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Decreased Corpus Callosum Size Among Alcoholic Women

Daniel Hommer, MD; Reza Momenan, PhD; Robert Rawlings, MS; Paul Ragan, MD; Wendol Williams, MD; Daniel Rio, PhD; Michael Eckardt, PhD
Arch Neurol. 1996;53(4):359-363. doi:10.1001/archneur.1996.00550040099019.
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Background:  Although females appear to be more sensitive to the hepatic consequences of alcoholism, it is not clear if women are more sensitive to the effects of excessive alcohol consumption on the brain than men.

Subjects and Methods:  We compared the crosssectional area of the corpus callosum in a group of 14 hospitalized alcoholic women and 13 hospitalized alcoholic men with a group of nine nonalcoholic women and 10 non-alcoholic men. All subjects were between the ages of 30 and 50 years. The cross-sectional areas of the corpus callosum and the inner table of the skull were measured on midsagittal T1-weighted magnetic resonance images.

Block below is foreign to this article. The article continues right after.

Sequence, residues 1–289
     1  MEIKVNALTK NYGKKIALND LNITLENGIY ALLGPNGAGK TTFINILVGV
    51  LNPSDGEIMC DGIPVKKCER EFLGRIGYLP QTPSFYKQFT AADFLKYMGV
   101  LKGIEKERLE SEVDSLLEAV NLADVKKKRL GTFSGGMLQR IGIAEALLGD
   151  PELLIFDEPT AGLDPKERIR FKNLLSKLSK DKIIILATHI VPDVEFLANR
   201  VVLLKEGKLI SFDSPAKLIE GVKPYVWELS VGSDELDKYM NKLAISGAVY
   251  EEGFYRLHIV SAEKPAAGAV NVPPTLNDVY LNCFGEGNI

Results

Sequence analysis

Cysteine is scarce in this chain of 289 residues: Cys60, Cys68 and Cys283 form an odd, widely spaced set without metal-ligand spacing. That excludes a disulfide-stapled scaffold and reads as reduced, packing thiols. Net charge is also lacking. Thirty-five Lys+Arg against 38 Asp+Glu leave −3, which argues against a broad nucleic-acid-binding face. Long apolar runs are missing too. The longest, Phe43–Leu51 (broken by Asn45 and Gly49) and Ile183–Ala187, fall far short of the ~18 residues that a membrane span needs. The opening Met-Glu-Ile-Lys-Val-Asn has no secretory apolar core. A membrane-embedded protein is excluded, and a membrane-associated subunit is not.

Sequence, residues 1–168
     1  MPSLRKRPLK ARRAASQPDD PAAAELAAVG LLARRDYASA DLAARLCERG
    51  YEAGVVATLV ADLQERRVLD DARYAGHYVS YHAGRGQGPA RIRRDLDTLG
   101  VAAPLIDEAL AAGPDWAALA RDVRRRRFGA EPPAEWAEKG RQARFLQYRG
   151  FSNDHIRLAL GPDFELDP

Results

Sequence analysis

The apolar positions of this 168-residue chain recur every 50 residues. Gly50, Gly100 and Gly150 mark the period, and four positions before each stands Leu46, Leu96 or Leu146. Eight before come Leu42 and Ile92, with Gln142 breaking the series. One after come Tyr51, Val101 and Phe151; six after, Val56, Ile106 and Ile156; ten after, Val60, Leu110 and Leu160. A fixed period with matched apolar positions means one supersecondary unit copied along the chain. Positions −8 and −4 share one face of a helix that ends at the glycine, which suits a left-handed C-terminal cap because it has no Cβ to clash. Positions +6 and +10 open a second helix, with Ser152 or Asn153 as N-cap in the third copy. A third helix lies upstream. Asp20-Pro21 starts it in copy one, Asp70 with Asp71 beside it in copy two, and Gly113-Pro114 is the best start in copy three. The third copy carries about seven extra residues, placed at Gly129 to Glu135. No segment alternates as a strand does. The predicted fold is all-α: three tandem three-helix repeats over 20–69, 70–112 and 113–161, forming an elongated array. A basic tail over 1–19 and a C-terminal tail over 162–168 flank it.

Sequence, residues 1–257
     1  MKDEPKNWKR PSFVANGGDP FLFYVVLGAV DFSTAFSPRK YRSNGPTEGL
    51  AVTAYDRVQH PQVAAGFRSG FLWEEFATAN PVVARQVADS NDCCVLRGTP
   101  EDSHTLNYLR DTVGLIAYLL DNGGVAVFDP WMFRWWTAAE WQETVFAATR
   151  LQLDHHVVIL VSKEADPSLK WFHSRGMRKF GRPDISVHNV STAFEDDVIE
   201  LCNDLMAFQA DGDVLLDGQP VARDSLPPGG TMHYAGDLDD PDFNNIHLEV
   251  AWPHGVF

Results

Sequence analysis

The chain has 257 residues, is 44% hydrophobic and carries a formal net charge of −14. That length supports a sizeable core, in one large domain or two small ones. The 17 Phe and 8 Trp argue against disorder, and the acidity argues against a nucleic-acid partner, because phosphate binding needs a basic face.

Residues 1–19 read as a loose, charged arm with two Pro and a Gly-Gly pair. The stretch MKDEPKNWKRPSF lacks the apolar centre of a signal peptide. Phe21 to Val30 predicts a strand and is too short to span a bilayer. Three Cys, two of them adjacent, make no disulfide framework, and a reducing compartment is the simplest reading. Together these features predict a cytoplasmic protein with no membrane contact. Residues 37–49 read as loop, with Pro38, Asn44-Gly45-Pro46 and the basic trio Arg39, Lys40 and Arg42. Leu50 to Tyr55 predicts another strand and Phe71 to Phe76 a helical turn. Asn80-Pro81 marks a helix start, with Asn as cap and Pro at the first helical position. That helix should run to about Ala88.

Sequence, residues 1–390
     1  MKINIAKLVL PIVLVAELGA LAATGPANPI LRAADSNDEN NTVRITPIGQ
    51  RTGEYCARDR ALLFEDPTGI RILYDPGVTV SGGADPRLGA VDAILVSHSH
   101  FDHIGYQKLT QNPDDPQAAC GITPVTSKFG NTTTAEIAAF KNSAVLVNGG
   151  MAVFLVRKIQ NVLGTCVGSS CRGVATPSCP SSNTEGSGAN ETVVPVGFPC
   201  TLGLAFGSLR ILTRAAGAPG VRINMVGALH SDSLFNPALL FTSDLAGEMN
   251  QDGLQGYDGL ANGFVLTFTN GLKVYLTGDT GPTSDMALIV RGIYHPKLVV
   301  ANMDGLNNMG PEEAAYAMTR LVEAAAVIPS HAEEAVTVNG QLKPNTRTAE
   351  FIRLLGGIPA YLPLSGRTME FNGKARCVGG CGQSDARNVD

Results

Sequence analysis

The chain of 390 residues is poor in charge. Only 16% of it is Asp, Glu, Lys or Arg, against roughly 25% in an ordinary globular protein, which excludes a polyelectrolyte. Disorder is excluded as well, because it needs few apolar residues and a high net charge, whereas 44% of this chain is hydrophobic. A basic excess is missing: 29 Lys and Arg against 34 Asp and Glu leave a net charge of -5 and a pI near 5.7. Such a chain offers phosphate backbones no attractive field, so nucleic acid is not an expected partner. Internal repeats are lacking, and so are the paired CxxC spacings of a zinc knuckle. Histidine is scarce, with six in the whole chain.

Results:  Females had smaller intracranial areas than males, but there was no difference in intracranial area between the alcoholics and nonalcoholics. The corpus callosum area was significantly smaller among the alcoholic women compared with either the control women or the alcoholic men. Alcoholic men did not differ from control men in the corpus callosum area. These results did not change when the corpus callosum area was adjusted for intracranial area by analysis of covariance. When the corpus callosum was divided into four segments of equal length, the reduction in area was not localized to any particular region.

Conclusion:  These results suggest an increased sensitivity to alcohol-induced brain damage among alcoholic women compared with alcoholic men.


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